Disappointing debuts from Sherlock and Alvin sequels

Disappointing debuts from Sherlock and Alvin sequels

While franchise titles did claim the top three spots at the box office this weekend, it wound up being a very mixed frame for sequels. Sherlock Holmes: A Game of Shadows and Alvin and the Chipmunks: Chipwrecked both tallied solid grosses, though they were notably down from their predecessors. On the other hand, Mission: Impossible – Ghost Protocol had a robust start in limited release. Even with all of these established brands entering the marketplace, the Top 12 wound up down roughly 13 percent from the same period last year.

Sherlock Holmes: A Game of Shadows opened to an estimated $40.02 million, which is way down from the original Sherlock Holmes’s $62.3 million over Christmas weekend in 2009. In what could be an even more concerning comparison, the movie wound up lower than Tron Legacy‘s $44 million start at the same time last year. That’s shocking, considering Game of Shadows opened just two years after a well-received original while Tron hit theaters 28 years after a first movie that wasn’t even widely available on DVD or Blu-ray until after Legacy’s release. Distributor Warner Bros. Pictures is reporting that the audience was 59 percent male and 50 percent under the age of 35.

Alvin and the Chipmunks: Chipwrecked debuted to an estimated $23.5 million, or less than half of The Squeakquel’s $48.9 million. It was also significantly off from the first Alvin’s $44.3 million. Distributor 20th Century Fox reports that the audience was 54 percent female and 53 percent under the age of 25.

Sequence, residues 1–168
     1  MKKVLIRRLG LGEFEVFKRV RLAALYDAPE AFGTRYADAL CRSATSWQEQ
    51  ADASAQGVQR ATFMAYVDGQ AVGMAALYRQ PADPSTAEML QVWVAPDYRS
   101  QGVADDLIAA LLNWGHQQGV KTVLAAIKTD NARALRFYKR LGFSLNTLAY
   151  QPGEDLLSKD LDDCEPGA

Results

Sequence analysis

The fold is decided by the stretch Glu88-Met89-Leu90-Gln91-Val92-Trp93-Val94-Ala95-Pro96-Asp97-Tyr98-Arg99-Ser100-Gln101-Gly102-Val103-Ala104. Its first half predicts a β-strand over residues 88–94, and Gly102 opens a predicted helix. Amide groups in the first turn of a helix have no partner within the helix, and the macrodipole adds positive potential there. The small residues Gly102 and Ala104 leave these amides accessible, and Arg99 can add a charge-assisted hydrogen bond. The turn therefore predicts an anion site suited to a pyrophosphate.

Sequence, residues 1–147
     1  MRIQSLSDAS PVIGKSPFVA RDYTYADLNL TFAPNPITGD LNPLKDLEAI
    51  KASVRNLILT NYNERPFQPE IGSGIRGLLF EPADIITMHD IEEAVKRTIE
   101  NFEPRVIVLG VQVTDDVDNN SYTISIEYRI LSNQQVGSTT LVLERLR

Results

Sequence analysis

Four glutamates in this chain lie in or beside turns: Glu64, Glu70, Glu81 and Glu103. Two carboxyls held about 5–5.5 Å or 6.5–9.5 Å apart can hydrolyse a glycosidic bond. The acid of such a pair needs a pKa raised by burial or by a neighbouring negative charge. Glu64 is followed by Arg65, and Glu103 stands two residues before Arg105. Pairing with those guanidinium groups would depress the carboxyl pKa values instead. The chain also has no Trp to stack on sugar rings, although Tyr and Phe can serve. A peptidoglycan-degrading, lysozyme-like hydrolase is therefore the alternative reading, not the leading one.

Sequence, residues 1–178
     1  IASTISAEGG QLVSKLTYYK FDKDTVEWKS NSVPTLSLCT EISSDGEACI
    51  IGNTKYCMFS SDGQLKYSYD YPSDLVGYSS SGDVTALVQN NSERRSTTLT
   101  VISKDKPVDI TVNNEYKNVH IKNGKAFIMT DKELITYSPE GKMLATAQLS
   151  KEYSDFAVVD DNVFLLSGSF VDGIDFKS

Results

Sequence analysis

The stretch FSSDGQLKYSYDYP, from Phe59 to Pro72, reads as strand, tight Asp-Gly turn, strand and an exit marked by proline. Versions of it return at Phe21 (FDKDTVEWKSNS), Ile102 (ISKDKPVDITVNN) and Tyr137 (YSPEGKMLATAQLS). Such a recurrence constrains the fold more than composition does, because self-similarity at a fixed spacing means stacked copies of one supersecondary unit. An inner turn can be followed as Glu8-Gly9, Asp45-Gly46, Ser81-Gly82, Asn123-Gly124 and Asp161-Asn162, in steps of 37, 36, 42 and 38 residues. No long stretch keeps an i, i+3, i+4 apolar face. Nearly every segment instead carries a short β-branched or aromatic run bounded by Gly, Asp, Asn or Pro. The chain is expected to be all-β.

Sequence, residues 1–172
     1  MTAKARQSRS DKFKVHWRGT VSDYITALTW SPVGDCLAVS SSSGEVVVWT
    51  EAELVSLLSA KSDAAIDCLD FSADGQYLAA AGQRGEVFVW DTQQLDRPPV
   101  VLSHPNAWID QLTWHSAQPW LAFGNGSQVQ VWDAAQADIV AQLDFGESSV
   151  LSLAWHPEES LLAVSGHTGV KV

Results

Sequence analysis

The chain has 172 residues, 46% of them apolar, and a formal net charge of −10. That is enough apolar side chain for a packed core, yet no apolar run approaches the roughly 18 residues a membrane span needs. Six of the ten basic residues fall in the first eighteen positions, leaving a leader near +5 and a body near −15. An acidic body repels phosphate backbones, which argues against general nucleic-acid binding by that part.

Both Sherlock and Alvin struggled to live up to franchise standards this weekend, albeit for different reasons. The marketing for Sherlock Holmes: A Game of Shadows never sufficiently differentiated the movie from its predecessor. While the ads did often briefly mention Holmes’s conflict with Professor Moriarty, the focus was mainly put on the slow-motion action and Holmes-Watson banter that were trademarks of the first movie. While that movie is generally well-liked, it probably doesn’t have the sort of rabid fan base that will eagerly turn out for more of same, which seemed to bear out this weekend.

In comparison, 20th Century Fox did a great job showing that Alvin and the Chipmunks: Chipwrecked had a unique premise (the Chipmunks get stranded on a desert island) in comparison to the first two movies. Regardless of how interesting the premise is, though, the Alvin and the Chipmunks series probably isn’t looked upon fondly by most adults. While usually this wouldn’t be a huge problem, the generally poor performance of family movies lately indicates that parents are probably being far more judicious in deciding what movies they will take their children to.

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